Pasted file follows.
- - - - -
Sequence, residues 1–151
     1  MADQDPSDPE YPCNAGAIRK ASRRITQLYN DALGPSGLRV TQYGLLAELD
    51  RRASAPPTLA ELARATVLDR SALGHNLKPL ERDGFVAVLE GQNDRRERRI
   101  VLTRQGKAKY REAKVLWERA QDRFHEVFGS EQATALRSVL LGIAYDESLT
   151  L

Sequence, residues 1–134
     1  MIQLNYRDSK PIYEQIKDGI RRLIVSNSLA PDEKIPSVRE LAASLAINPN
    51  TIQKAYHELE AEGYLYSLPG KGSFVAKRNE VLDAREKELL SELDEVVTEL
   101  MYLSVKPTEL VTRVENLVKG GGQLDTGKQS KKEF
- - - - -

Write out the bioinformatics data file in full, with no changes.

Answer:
Sequence, residues 1–151
     1  MADQDPSDPE YPCNAGAIRK ASRRITQLYN DALGPSGLRV TQYGLLAELD
    51  RRASAPPTLA ELARATVLDR SALGHNLKPL ERDGFVAVLE GQNDRRERRI
   101  VLTRQGKAKY REAKVLWERA QDRFHEVFGS EQATALRSVL LGIAYDESLT
   151  L

Sequence, residues 1–134
     1  MIQLNYRDSK PIYEQIKDGI RRLIVSNSLA PDEKIPSVRE LAASLAINPN
    51  TIQKAYHELE AEGYLYSLPG KGSFVAKRNE VLDAREKELL SELDEVVTEL
   101  MYLSVKPTEL VTRVENLVKG GGQLDTGKQS KKEF